The Miseducation of a University President

November 16, 2011

(Guest post by Jonathan Butcher)

Aesop tells us that every man carries two bags, one in front and one behind, both full of faults. The bag in front contains the faults of others, while we carry ours in the one behind. As a result, we always see someone else’s mistakes and rarely look at our own.

Writing in the Washington Post earlier this month, ASU President Michael Crow chastises universities for not being more innovative during the current financial crisis. “Their lack of creativity in adjusting to the reduction of resources has shocked governors and business leaders alike who want to see universities innovate in order to educate more students better, faster and cheaper,” said Crow.

But ASU hasn’t exactly been a model of efficiency. Across the country, colleges are hiring massive numbers of administrators and ASU is no exception — in fact, the Sun Devils are an example of this “administrative bloat.” Between 1993 and 2007, ASU increased the number of full-time administrators per 100 students more than 167 other comparable universities while the number of instructional staff and researchers actually decreased. Goldwater research finds “[n]early half of all full-time employees at Arizona State University are administrators.”

Considering these hiring practices, Crow’s warning that proposals to turn universities into businesses are “ill-conceived” is remarkable. Also “ill-conceived” are programs that would “send our kids to college in the basement with the local online university.” Yet the University of Phoenix reports that some 75 percent of higher education students today “are older…work full or part time and have family responsibilities, including financial obligations,” which means online access to college classes may be the only access they have.

ASU and other state universities should focus on core academic programs and direct spending not to administration but on practices directly tied to student instruction. In addition, Arizona colleges and universities should align tuition more closely with the actual costs of providing an education, pursue more private funding, and make themselves more financially self-sufficient.

Jonathan Butcher is education director for the Goldwater Institute.

Please Ignore the Huge Pile of Payola Behind the Curtain

March 18, 2009

(Guest Post by Matthew Ladner)

The New York Times turned in a must read article on Arizona State University President Michael Crow:

He quickly made a name for himself, increasing enrollment by nearly a third to 67,000 students, luring big-name professors and starting interdisciplinary schools in areas like sustainability, projects with partners like the Mayo Clinic and Sichuan University in China, and dozens of new degree programs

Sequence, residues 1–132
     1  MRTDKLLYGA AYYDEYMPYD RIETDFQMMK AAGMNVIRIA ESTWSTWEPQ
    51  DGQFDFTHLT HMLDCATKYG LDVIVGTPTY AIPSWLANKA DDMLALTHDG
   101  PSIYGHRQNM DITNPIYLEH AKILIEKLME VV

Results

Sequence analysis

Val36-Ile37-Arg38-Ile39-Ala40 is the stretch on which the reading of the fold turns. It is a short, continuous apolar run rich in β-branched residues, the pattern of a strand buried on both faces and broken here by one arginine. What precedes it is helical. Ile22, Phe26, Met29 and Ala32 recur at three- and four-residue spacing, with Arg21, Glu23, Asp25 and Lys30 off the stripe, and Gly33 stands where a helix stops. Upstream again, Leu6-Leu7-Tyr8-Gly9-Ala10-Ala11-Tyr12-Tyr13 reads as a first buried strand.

But this year, Mr. Crow’s plans have crashed into new budget realities, raising questions about how many public research universities the nation needs and whether universities like Arizona State, in their drive to become prominent research institutions, have lost focus on their public mission to provide solid undergraduate education for state residents.

I love the way the term “quality” is used by Dr. Crow. Maybe it is just me, but it certainly appears to me that ASU has been seeking to create the appearance of quality more than the reality. As JPGB readers will recall, ASU’s four year graduation rate is 28%, lowest among the peer institutions as identified by the Education Trust.

Case in point, National Merit Scholars- ASU has a lot of them. But **ahem** there is a little problem identified by the New York Times:

Arizona State University recruits National Merit Scholars nationwide with a four-year $90,000 scholarship, a package so generous that Arizona State enrolls 600 National Merit Scholars, more than Yale or Stanford. Through the cuts, Mr. Crow has kept that program, even while proposing to cut a scholarship for Arizona residents with high scores on state tests, a proposal the state regents turned down.

In their promotional materials, ASU boasts of the number of National Merit Scholars they enroll, but doesn’t bother to mention the obscenely large bribe offered in order to get those National Merit Scholars. If I wanted to be cruel, I’d compare this package to another university and…

Okay, so I’m cruel: the Education Trust identified the University of Indiana Bloomington as the highest performing peer institution for Arizona State based on 4 year graduation rates (over 50% for IU). Last year, their National Merit Scholars had an average package worth $13,609 each.

For some reason, ASU feels compelled to offer almost seven times as much as IU. Maybe the weather is just better in Indiana. Oh wait, you don’t have to hang around at ASU in the summer, so it can’t be the weather.

Well, um, some people don’t like palm trees…

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